It so happened that her brother is a doctor who witnessed the pandemic firsthand: the ICUs were overcrowded, doctors and nurses were overworked. People were dying – a nationwide state of emergency. “As my brother was tirelessly working at the hospital every day, trying to help in whatever way he could, I felt compelled to contribute as well. Utilizing my artistic skills, I took to the streets to spread messages of hope, solidarity, and positivity during these uncertain and fearful times.”, Corie explained. She went out to find a wall and created the mural that should put her irrevocably on the map for the LA street art scene: “Cancel Plans. Not Humanity.” It all started on March 26th, 2020. Why does Corie know the exact date of her becoming a street artist? The LA TIMES published a photo of her mural.

“Cancel Plans. Not Humanity.”

That’s when her career took off – and her artist’s name was born as well: LA HOPE DEALER.

“Corie Mattie is LA HOPE DEALER and LA HOPE DEALER is Corie Mattie – I don’t hide behind the name,” she emphasized. And even that is an understatement – next to the doves which are a recognizable hallmark of her murals, Corie paints herself on the wall; the silhouette of a skinny woman dressed in nothing but a long coat. She opens her coat and reveals one side of her nude body, the nipple crossed out, inside the coat the letters H O P E and a couple doves – her trademark.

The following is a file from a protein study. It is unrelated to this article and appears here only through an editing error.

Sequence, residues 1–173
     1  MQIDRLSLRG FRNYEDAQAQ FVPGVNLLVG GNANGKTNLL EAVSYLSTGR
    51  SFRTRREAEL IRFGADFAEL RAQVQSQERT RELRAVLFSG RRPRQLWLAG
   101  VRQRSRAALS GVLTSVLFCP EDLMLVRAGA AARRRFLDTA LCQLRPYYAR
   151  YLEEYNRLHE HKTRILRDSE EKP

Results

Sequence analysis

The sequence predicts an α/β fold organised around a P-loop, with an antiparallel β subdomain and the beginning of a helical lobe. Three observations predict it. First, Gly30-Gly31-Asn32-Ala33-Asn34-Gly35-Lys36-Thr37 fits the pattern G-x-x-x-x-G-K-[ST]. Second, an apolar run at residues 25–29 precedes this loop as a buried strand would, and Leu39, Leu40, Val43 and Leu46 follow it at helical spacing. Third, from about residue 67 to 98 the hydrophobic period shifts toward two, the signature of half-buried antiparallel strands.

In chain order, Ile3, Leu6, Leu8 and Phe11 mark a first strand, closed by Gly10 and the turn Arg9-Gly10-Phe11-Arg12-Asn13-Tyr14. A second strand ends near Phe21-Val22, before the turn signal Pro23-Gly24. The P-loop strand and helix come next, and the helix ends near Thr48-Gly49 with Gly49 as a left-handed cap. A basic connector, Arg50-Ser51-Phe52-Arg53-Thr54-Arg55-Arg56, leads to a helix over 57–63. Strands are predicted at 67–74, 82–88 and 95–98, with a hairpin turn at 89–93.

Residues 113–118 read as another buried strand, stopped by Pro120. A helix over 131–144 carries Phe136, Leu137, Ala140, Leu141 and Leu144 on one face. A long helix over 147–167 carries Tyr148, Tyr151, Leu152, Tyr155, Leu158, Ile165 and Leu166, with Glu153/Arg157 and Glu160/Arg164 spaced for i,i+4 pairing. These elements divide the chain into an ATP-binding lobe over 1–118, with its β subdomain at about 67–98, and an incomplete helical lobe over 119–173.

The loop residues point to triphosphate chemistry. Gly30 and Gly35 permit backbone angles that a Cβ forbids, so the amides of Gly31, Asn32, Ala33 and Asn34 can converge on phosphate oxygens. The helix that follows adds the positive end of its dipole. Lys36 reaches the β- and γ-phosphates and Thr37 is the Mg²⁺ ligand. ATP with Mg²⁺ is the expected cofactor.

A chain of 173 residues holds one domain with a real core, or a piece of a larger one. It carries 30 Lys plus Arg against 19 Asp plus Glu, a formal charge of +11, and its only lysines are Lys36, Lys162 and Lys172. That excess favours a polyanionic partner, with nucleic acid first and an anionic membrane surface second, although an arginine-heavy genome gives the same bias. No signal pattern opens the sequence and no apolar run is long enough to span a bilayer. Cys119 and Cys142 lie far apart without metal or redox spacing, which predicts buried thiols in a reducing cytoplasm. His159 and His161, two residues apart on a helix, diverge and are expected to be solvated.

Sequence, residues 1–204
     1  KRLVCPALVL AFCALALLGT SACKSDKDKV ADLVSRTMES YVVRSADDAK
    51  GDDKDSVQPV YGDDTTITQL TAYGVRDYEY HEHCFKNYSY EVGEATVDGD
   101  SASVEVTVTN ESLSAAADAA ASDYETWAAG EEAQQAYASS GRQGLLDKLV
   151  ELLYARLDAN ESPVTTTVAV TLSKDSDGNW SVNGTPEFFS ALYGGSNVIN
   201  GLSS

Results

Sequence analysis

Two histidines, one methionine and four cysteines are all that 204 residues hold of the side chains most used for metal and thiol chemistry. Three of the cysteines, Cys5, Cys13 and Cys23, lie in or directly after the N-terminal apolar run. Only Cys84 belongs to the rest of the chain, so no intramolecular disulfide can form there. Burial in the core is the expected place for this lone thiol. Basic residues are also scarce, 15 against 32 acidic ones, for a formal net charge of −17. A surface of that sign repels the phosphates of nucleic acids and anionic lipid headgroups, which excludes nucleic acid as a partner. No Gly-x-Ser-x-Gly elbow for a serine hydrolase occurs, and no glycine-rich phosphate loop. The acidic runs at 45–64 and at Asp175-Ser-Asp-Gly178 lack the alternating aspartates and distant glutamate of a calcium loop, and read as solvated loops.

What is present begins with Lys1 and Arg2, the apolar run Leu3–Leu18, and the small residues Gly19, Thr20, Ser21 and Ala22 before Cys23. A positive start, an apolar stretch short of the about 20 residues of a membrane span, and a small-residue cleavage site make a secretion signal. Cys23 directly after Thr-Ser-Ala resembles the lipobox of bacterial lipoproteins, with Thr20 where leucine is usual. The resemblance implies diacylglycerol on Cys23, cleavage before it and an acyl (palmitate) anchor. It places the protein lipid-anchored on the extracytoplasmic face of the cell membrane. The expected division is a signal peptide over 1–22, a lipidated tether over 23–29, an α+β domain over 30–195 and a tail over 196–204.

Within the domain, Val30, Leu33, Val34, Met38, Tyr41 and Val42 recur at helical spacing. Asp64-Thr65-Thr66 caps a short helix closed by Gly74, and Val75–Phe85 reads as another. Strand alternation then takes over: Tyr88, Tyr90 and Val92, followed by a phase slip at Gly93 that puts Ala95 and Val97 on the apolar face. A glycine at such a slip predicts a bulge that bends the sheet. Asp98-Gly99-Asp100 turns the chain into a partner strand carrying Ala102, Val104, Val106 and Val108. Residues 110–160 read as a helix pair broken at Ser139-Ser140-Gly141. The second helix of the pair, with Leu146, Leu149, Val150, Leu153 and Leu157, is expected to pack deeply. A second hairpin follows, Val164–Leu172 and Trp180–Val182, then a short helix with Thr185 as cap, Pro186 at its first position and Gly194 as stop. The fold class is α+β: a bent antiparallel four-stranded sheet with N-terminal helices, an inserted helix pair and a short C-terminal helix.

The image is a play on “dealers,” standing in the streets selling contraband from the black market out of their big long coats – watches, drugs, jewelry – only that in Corie’s version it’s herself selling HOPE out of her coat, rather than dope.

 She brings people together behind her slogans. When you walk down the street and you see one of her messages, you feel connected in this vast city of Angels. You feel seen. You feel the humanity. Which is perhaps why, within only 3 years her work has seeped into the LA collective.

Her murals aren’t some abstract, hard to decipher, bulky pieces of art – it’s for everyone, for the community. Corie wants everyone to have access to it, physically and intellectually. And she’s very successful in that mission: Her brush strokes are clear and precise, her messages are strong and on point. The paintings read like a recurring slogan or brand. She knows what to say in just a few words. No time to lose!